US Defense Secretary indicates support for Iran nuclear deal
Washington : US Defence Secretary Jim Mattis said on Tuesday that it was in America's national interest to stay in a landmark deal clinched between Iran and six world powers to curb Iran's nuclear programme.
Mattis' remarks at a congressional hearing came at a time when US President Donald Trump is weighing whether to abandon the deal negotiated during the Obama administration, Xinhua reported.
"The point I would make is, if we can confirm that Iran is living by the agreement, if we can determine that this is in our best interest, then clearly, we should stay with it," Mattis testified at a Senate hearing.
"I believe, at this point in time, absent indications to the contrary, it is something the president should consider staying with," Mattis added.
The retired four-star general also replied "yes" when asked if it was in America's national interest to stay in the deal that was clinched in July 2015 between Iran and the six world powers of Britain, China, France, Germany, Russia and the United States after decade-long negotiations.
Mattis' remarks were seemingly contradictory to Trump's speech delivered last month at the UN General Assembly, who called the agreement "an embarrassment" for the United States and indicated that he may not recertify the deal at its mid-October deadline.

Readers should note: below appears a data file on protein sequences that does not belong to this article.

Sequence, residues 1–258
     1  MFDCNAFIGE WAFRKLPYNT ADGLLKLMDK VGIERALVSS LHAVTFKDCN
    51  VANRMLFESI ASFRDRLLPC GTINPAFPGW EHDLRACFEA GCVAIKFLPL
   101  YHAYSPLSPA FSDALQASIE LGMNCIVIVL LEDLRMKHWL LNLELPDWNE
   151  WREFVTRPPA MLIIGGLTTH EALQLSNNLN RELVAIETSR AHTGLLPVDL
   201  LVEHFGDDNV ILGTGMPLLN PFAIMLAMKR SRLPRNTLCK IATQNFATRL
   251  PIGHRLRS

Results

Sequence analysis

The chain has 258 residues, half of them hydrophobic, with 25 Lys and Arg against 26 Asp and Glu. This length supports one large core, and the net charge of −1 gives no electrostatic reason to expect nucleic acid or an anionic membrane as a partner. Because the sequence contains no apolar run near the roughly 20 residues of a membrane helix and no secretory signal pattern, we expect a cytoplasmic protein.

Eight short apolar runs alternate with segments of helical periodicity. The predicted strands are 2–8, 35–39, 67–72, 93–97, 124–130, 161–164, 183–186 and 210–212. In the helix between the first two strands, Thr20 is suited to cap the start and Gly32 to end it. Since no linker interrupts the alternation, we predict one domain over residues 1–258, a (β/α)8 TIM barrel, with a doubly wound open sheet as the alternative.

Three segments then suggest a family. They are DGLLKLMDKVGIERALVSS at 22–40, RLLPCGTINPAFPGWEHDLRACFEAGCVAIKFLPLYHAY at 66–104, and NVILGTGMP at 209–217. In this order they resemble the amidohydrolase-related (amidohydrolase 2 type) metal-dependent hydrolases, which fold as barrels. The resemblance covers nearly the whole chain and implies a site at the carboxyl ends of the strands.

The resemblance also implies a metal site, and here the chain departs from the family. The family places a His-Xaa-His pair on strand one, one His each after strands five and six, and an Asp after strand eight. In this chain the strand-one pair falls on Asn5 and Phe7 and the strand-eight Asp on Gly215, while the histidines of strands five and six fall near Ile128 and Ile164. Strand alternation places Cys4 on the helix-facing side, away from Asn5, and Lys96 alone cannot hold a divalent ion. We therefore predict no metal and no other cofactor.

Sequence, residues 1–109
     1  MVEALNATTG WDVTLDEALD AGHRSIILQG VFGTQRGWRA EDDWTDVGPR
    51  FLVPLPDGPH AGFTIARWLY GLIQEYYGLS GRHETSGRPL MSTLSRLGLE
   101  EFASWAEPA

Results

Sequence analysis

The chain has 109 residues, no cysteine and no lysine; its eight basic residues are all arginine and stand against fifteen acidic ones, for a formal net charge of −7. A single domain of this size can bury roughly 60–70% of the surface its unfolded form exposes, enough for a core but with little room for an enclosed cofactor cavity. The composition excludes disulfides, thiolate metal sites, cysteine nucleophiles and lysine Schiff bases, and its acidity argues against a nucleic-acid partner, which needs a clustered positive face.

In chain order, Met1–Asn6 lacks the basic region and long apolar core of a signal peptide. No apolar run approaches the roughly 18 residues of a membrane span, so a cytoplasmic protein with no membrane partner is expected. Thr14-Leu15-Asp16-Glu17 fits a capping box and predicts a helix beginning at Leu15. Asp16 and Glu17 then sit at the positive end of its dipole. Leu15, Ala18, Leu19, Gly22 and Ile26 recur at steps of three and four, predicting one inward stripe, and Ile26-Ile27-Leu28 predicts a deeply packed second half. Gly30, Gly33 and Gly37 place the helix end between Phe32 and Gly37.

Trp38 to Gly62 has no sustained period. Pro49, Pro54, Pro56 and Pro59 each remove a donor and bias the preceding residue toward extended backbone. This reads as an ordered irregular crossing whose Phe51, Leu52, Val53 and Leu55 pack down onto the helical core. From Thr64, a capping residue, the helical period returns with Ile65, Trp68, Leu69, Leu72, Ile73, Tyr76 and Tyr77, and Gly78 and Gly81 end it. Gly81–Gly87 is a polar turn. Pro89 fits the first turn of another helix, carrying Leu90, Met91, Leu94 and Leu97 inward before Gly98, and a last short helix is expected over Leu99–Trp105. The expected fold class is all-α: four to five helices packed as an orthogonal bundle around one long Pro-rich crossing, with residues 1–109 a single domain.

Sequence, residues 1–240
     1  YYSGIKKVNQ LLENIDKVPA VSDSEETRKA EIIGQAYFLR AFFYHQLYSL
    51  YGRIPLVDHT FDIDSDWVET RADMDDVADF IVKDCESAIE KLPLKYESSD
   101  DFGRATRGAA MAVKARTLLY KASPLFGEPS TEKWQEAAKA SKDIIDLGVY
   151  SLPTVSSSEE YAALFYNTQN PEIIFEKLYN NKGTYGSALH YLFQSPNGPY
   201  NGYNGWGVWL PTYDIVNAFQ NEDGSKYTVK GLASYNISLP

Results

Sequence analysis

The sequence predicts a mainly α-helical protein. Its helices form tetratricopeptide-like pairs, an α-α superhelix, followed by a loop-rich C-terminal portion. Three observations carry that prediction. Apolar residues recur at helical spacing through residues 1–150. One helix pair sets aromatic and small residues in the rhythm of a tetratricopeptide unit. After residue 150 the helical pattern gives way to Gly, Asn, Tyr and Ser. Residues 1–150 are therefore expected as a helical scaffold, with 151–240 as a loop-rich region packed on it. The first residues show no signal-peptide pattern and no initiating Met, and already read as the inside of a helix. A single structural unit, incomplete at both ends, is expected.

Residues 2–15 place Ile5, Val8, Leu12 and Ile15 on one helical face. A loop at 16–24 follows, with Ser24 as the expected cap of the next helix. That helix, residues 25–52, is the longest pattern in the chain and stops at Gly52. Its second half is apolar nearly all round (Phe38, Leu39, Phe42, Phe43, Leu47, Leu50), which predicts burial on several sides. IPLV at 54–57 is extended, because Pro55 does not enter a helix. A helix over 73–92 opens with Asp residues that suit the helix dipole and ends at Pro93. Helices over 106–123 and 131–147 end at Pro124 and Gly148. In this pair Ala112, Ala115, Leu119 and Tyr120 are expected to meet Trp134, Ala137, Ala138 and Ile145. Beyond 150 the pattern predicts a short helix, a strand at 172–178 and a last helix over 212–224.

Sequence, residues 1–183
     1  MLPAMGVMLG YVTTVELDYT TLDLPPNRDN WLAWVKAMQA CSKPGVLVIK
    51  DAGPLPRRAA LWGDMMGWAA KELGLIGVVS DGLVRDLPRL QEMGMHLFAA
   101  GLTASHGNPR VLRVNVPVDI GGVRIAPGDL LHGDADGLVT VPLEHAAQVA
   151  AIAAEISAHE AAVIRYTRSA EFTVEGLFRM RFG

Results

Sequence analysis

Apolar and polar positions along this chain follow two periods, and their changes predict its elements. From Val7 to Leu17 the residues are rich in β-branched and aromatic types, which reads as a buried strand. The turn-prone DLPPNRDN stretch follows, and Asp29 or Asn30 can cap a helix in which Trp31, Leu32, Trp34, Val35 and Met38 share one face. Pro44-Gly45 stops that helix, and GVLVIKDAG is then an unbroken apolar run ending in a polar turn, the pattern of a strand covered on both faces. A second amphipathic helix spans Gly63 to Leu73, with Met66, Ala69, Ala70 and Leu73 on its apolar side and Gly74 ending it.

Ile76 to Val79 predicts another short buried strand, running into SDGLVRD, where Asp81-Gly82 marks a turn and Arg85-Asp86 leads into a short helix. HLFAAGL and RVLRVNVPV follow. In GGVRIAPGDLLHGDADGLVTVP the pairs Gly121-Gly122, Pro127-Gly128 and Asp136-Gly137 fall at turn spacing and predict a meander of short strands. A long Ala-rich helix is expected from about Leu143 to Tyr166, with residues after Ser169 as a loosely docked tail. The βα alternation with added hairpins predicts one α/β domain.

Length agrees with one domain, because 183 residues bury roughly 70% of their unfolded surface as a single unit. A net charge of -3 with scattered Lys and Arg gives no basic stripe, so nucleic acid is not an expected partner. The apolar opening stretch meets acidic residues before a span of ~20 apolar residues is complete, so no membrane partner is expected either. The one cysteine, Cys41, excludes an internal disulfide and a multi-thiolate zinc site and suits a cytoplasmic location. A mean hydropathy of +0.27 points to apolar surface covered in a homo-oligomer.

Iranian leaders have reacted strongly to Trump's remarks, saying such hostile words will not intimidate the Islamic Republic.
On October 15, Trump is due to testify to Congress whether Tehran is complying with the deal and whether it remains in the U.S. interests to stick by it.
If he decides it is not, it could open the way for US lawmakers to reimpose sanctions, leading to the potential collapse of the agreement.
The Iran nuclear deal, officially known as Joint Comprehensive Plan of Action, has helped defuse the Iran nuclear crisis and bolster the international non-proliferation regime.
Earlier last month, the International Atomic Energy Agency, a UN nuclear watchdog, said that Iran was playing by the rules set out in the nuclear accord.